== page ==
For folks who are new to the area, there’s one thing that often surprises them: West Sacramento is its own city in an entirely different county. “You mean to tell me East Sac and South Sac are neighborhoods, but West Sac is its own thing,” we can imagine this newcomer retorting.
The simplest reason to explain why there’s a civic divide between two cities that share a name is geographical — in other words, there’s a river that runs through them.
Our story begins several thousand years ago, when the Patwin established villages on the western banks of what we now call the Sacramento River in an area we now refer to as West Sacramento. They flourished off the natural resources from the riverside.
The first European known to settle in the area was Jan Lows de Swart. In 1845, he established a property six miles south of Sacramento River’s confluence with the American River called Rancho Nueva Flandria — a name honoring his home of Flanders. He used it as a salmon fishery, among other things, while living off the river.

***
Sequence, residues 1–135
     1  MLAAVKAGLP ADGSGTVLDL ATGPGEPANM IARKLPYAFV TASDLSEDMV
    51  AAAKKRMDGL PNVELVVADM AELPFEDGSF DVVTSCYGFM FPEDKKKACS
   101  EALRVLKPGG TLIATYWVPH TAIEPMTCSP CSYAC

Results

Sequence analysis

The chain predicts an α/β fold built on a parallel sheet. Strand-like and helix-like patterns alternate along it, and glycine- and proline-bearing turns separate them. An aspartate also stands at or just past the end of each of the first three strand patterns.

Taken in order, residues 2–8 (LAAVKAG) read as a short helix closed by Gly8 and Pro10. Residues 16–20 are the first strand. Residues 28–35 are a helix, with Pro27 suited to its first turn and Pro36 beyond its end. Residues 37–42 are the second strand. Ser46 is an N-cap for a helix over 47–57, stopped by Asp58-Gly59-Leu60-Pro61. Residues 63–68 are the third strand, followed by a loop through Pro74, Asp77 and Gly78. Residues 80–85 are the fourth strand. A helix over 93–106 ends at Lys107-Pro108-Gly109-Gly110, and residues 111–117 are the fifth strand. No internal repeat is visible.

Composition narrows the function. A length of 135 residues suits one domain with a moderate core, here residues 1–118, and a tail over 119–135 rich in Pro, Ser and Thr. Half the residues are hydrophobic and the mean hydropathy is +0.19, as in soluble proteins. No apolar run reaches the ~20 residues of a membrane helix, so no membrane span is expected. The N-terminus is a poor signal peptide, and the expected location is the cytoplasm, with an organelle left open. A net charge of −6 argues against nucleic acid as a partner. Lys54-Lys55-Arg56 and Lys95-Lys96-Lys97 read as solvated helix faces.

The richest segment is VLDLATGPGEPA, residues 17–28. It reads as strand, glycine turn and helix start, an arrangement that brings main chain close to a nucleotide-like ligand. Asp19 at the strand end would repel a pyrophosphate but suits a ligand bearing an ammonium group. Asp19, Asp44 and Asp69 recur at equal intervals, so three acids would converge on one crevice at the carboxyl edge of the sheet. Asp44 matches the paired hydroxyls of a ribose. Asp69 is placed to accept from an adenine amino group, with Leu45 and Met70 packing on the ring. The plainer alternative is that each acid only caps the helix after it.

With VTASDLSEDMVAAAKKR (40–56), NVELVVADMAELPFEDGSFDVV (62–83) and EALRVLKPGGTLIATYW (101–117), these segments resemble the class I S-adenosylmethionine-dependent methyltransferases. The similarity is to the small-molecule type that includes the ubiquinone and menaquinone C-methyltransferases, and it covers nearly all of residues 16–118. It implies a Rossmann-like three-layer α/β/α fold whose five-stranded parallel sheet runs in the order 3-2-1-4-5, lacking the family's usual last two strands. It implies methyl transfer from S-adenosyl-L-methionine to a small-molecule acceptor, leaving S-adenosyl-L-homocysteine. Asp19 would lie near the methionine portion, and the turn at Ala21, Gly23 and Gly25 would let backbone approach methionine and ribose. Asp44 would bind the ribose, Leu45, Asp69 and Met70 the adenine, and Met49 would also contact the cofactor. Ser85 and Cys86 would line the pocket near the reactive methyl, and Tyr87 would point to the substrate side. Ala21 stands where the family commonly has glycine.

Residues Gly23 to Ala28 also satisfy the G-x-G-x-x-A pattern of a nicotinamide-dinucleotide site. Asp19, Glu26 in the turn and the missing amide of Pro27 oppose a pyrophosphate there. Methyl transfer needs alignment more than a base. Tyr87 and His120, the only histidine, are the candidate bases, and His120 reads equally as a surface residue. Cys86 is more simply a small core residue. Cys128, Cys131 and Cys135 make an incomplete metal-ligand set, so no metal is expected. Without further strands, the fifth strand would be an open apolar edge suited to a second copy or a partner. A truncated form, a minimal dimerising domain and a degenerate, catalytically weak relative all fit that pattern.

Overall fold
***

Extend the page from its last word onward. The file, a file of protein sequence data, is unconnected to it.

More would follow to establish their own communities — like Broderick, the Town of Washington, and Byte — that revolved around fishing from the river and the land’s fertile soil. All while people on the other side of the river often busied themselves with talk of gold.
Over a 100 years after the first settlements were established on the western side of the Sacramento River, the communities were consolidated to form the City of West Sacramento in 1987. It joined Yolo County — one of California’s original 27 counties — which included other cities west of the river, like Davis and Winters.
Want to learn more about the formation of West Sacramento? Check out “The Roots of a New City.”